Many speech-language pathologists (SLPs) can recall a patient with aphasia who was particularly successful in therapy. One thing these patients seem to have in common is an involved family member or care partner. In addition to anecdotes, the standard of treatment for aphasia is moving toward family-centered care. The Life Participation Approach to Aphasia (LPAA) states that all people affected by aphasia are entitled to receive care. It also places an emphasis on life participation goals. For most people, that includes conversation with their family and care partners.

Although SLPs know that an involved care partner is ideal, it can be a difficult topic to approach if the care partner is reluctant. Some tips for getting off to a good start include:

  • Presume positive intentions. Always begin with the assumption that the care partner wants to help their loved one. They might be scared, busy, and overwhelmed, which can be difficult to overcome. However, keeping them in a positive regard sets the stage for a successful therapeutic relationship.
  • Set the expectation of attendance and participation. Let the care partner know that therapy will work best if they are in the room and participating during sessions from the start.
  • Acknowledge their expertise. Some care partners might want to “stay out of the way.” Remind them that although you are the SLP, they know the patient better. Ask for their help with things you can target in therapy, such as family information or biographical details.
  • Teach specific strategies that will improve communication. Many care partners think that speech therapy is only for the person with aphasia. You can provide training in techniques geared toward them, such as Supported Conversation for Adults with Aphasia. By providing strategies to them, you are making them a more important piece of therapy.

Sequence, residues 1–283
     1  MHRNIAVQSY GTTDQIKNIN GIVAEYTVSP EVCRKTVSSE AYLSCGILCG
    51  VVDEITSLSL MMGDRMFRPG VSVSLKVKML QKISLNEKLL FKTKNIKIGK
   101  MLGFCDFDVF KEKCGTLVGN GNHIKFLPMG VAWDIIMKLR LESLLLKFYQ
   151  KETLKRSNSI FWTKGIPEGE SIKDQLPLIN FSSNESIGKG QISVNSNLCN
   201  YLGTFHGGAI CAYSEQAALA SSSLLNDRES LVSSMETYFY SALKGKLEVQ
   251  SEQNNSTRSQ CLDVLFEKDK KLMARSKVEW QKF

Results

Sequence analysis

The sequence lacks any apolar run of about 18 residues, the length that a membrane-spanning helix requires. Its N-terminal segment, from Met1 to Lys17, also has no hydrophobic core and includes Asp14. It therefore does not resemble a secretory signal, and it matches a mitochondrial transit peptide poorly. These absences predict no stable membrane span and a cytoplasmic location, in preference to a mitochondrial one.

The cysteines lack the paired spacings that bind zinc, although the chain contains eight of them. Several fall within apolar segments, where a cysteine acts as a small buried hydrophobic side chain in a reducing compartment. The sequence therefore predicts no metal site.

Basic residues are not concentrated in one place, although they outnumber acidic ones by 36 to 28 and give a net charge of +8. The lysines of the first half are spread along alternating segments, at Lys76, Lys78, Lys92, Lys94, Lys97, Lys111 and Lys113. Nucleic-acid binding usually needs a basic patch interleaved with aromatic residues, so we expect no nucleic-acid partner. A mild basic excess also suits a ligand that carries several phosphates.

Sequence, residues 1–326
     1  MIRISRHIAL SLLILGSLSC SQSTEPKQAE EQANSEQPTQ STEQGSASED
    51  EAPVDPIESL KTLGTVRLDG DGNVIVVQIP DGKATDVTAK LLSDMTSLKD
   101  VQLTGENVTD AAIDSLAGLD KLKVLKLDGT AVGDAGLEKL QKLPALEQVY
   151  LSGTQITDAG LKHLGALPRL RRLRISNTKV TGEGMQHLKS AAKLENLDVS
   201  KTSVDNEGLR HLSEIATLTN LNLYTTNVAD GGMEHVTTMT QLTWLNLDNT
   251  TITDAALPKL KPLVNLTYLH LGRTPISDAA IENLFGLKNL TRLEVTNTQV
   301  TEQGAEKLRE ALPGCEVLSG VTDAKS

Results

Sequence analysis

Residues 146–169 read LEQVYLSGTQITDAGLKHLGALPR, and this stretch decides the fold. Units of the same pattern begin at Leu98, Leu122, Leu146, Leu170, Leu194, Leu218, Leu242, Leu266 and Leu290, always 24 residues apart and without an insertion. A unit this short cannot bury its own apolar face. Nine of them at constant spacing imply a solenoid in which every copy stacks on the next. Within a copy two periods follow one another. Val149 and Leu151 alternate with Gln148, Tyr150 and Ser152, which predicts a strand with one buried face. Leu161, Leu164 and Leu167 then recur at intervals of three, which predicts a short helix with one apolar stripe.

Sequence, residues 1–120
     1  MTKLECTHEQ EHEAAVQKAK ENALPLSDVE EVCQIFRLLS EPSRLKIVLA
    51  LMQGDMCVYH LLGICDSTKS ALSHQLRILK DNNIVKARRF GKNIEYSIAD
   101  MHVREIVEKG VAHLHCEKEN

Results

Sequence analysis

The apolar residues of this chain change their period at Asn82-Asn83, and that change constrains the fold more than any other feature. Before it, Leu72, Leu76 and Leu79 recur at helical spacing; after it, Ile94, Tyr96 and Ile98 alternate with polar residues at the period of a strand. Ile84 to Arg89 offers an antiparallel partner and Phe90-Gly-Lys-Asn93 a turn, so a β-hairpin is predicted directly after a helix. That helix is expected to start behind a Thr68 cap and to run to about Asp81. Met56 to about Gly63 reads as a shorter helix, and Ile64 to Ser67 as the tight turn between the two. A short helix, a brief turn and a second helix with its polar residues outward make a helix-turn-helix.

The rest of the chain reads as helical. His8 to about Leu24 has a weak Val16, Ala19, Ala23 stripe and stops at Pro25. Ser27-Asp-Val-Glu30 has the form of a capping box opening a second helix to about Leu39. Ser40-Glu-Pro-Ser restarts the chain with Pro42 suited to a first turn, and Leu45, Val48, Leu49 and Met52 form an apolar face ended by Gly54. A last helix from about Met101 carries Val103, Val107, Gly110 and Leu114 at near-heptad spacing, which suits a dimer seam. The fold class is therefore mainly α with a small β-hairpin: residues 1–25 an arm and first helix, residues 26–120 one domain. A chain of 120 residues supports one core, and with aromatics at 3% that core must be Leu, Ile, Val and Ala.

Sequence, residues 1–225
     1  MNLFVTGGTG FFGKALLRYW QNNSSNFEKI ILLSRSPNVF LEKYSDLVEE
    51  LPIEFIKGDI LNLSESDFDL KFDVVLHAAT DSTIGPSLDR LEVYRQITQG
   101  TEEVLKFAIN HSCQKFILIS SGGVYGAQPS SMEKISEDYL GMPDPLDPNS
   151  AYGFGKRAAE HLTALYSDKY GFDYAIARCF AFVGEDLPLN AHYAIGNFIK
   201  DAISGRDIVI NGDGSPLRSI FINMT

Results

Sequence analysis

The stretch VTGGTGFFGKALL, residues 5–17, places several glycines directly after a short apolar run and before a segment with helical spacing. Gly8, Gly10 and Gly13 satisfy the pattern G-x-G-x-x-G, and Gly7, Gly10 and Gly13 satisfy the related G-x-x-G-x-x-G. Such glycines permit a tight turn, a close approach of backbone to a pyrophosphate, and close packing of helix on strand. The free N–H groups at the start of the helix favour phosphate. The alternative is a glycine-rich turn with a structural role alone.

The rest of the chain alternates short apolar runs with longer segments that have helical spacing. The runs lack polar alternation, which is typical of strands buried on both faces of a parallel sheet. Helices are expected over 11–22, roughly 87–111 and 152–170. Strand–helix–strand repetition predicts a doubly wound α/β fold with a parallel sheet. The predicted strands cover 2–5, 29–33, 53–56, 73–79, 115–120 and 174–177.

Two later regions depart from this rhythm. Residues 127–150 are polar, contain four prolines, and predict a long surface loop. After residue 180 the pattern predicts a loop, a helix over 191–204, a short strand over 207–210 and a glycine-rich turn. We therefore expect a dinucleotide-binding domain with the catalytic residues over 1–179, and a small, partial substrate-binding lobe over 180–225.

• Give them space to grieve. Although the patient is the one with aphasia, this has undoubtedly had a huge impact on their lives. They are likely going through their own grieving process.

Involving family is important for people with all types and severities of aphasia. However, it becomes even more important for people with severe aphasia. This is especially true if you are using an AAC device. Some people will always need partner support in order to successfully use an AAC device. This can be as simple as charging the device and turning it on in the morning. For others, it means they will need help navigating through the device. If someone is partner-dependent, it does not mean they are not a good candidate for an AAC device. However, it does mean that the care partner’s participation is critical to success. Encourage and empower the care partner to provide the needed support.

 

To learn more about caregivers and their daily challenges, download The 2020 Aphasia Caregiver Report.

 

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